This announcement is little more than a promise to build out fiber to the home for some unknown set of communities. Interested localities are asked to submit RFIs as Google plans where this ridiculously fast network will actually be deployed. There also isn’t much in the way of details on the other end point, opposite the newly connected premises. Since Google is talking about innovation and competition, I suspect it may be to some of the mythical dark fiber Google supposedly acquired years ago.
This move is only surprising in its timing.
This project will build on our ongoing efforts to expand and improve Internet access for consumers – from our free municipal Wi-Fi network in Mountain View, CA, to our advocacy in the 700 MHz spectrum auction, to our work to open the TV “white spaces” to unlicensed uses.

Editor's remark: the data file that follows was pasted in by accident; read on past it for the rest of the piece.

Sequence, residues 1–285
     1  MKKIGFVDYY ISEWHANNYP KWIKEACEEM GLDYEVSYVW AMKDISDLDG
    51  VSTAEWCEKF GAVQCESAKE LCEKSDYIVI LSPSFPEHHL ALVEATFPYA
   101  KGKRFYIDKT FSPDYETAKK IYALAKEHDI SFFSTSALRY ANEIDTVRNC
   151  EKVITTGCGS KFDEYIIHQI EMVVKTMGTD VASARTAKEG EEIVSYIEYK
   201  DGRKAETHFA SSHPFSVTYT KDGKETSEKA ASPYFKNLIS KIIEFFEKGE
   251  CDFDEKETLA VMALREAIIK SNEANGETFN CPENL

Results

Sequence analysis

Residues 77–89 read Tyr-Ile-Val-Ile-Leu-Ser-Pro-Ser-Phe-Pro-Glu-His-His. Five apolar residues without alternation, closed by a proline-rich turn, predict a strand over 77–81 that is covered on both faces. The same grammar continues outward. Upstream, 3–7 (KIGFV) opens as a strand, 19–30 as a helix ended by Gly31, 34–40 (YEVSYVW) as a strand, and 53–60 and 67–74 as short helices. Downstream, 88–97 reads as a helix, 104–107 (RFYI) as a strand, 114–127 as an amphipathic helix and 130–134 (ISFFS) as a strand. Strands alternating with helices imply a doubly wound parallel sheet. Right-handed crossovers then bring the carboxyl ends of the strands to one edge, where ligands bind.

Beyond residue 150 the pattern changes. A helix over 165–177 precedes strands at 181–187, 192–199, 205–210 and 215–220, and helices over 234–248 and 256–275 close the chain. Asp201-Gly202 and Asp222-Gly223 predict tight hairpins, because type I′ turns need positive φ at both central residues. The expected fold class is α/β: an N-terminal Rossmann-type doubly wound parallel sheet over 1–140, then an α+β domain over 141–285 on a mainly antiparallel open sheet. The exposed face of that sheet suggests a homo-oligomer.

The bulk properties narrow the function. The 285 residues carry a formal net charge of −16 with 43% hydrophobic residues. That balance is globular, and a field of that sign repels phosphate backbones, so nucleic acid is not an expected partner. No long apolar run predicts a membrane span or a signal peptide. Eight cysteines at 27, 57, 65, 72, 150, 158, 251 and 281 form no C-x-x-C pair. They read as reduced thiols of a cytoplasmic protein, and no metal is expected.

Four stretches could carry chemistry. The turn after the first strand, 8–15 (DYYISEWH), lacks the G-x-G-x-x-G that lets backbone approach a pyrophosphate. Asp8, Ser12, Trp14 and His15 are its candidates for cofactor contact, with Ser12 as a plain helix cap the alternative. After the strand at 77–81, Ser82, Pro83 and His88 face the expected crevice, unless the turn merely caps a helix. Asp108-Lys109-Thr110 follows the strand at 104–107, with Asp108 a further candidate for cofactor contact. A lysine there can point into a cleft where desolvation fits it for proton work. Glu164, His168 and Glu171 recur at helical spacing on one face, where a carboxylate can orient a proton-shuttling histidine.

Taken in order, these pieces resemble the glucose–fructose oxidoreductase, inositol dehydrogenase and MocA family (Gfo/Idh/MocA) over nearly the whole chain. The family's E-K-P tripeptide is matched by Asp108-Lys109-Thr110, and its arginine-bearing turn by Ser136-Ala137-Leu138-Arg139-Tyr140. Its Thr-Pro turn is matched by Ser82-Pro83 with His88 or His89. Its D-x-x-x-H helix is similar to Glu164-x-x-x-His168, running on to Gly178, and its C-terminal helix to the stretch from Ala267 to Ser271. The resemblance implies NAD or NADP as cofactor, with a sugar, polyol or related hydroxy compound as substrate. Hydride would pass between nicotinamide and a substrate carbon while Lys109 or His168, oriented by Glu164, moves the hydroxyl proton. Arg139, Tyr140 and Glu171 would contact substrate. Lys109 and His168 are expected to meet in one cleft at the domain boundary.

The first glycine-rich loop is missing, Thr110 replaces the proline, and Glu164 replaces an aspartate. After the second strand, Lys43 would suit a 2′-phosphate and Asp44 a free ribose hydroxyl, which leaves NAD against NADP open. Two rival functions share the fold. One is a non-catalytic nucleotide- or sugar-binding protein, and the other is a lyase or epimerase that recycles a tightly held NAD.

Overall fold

Supporting the principles of competition, growing the market for everyone and network neutrality would suggest that such a bold move might have been made earlier. Although from a cost perspective, I suppose it makes more sense this way. The other, wireless efforts probably had lower capital costs. In the absence of too strenuous backlash, maybe they only now feel bold enough to make a bigger investment.
Like many of the search giant’s recent bold moves around improving access, both in availability and speed, this will undoubtedly raise the hackles of many privacy activists and advocacy groups. Those details about the other end of the fiber connection, hopefully forthcoming, will be key in determining whether Google will essentially gain full access to all of the served customers’ bits or will be building pipes simply to connect consumers to their own choice of either ISPs or back bone providers or both.